Despite this and other successes administering the Grit Scale (she’s used it to study Scripps National Spelling Bee Contestants and Ivy League college students, among others), Duckworth acknowledges that questionnaires have significant pitfalls as a research tool: answers can be faked and respondents are often biased when evaluating people they know. Even more significant, people don’t have a good intuitive sense of the appropriate scale to use when assessing their own personalities.

“Let’s say I ask you to evaluate yourself on the question, ‘I am a hard worker.’ What standard would you use?” Duckworth says. She ran into this problem recently while studying delay of gratification in students in the US and Taiwan. On objective measures US students showed much less self-control, but on surveys they gave themselves higher marks than Taiwanese students gave themselves.

The success of Duckworth’s research will hinge ultimately on whether she and her colleagues can devise measurement tools that produce more replicable and precise results than the ones they are using today. Or, as she puts it, “If we cannot figure out how to measure these characteristics in some kind of reasonable timeframe, with some kind of objectivity, the research will grind to a halt because we can’t measure what it is that we want to actually study.”

Measurement innovations are at the heart of two large-scale projects that Duckworth is launching this year: The first is a three-year-long study of self-control funded by a grant from the John Templeton Foundation. Students ranging from pre-kindergarteners to college seniors will be asked to complete boring software tasks while resisting the temptation to divert their attention to more entertaining pursuits.

On the day I visited Duckworth she was holding a conference call where the project team was debating whether to have kids use iPads or computers in the experiment. (The concern was that very young kids wouldn’t be dexterous enough with a mouse; in the end the team decided on iPads and within a couple weeks Duckworth had rounded up an additional $10,000 of funding to pay for them).

“So kids are going to be doing these boring tasks on iPads while trying to resist the temptation of switching over to play Angry Birds,” Duckworth says, referring to the notoriously addictive online game. “We’ll measure how well kids exert self-control in the face of temptation to take immediate gratification. Once we have these measurements established the question will be identifying strategies kids can adopt that will make it easier for them to do well in these tasks.”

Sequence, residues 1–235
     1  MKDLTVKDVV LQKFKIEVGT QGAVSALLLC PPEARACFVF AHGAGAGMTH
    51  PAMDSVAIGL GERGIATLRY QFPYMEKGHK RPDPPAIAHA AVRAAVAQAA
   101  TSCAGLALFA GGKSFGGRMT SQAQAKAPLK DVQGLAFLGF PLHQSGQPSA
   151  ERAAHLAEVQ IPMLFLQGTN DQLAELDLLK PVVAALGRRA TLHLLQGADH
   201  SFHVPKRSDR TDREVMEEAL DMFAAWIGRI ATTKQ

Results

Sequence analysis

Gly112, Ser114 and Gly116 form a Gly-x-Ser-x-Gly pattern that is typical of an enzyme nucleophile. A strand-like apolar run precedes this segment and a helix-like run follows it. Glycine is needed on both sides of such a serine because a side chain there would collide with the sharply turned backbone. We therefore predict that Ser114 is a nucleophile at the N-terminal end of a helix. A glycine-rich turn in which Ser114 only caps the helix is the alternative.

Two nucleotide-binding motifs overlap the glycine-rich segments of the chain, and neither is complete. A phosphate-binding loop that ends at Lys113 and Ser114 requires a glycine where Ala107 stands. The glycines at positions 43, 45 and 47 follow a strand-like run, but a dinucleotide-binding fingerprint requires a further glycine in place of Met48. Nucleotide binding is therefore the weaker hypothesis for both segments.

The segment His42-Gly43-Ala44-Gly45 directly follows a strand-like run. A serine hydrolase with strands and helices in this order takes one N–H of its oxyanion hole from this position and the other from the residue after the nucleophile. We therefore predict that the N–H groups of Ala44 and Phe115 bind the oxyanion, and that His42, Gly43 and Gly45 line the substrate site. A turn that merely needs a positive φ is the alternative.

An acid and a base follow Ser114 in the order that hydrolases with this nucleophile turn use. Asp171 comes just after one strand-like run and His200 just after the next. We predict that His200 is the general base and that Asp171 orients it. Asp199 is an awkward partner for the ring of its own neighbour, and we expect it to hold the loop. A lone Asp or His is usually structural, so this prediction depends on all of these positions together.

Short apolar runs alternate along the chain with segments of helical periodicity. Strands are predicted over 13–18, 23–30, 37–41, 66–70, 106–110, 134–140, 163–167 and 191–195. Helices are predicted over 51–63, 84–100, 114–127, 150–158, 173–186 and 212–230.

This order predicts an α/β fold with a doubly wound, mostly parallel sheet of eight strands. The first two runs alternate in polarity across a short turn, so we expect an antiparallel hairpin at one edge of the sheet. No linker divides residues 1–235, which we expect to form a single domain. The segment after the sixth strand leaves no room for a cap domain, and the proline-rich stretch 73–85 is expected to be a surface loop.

The second study is on college persistence and will be carried out over the next two years with a $1.8 million grant from the Gates Foundation. College persistence has become a hot topic recently, as evidence has emerged showing that even when low-income students catch up academically with their middle-class peers, they still end up dropping out of college at disproportionately high rates. Most recently, the KIPP Foundation reported that while its intensive approach to academic instruction succeeded in getting 80 percent of its students into college over the last decade, only 33 percent of those students ended up with a college diploma. That number is above the 8 percent of low-income students nationwide who complete college, but it still falls well short of college graduation rates for middle-class students.

┬áIn the Gates project, Duckworth and a group of high-profile collaborators will conduct several studies that attempt to quantify the personality factors that distinguish college graduates from college dropouts with similar demographic and academic backgrounds. Their goal will be to “provide new insight into student factors that predict college persistence and develop strategies to cultivate them via school-based interventions.”

Duckworth’s part of the study is based on the work of Anders Ericsson, the Florida State University psychologist whose work on the personality characteristics and training habits of truly exceptional performers was popularized in Malcolm Gladwell’s recent best-seller Outliers. Duckworth and her research team will conduct an in-depth analysis of a small number of high school students from minority backgrounds who demonstrated superior academic growth from ninth to 12th grade. These superstar students will be compared against peers who entered high school at similar levels of achievement but made significantly less academic progress en route to graduation. One technique she’ll be using to make the comparisons is an innovative new measure called an “emote-aloud protocol” in which participants are instructed to narrate their feelings as they perform a demanding task.

“We’re going to be applying the same methodology that Ericsson used to understand Olympic athletes to understand kids in school,” Duckworth says. “We’re going to put the kids under the microscope to understand what high-achieving kids do differently. We’ll follow them through college and see whether the habits we identify actually have a payoff when they’re in a new environment. We want to know what achievement personality looks like in kids and how we get more of it—what do you do, what do the parents do, what do the schools do.”
 


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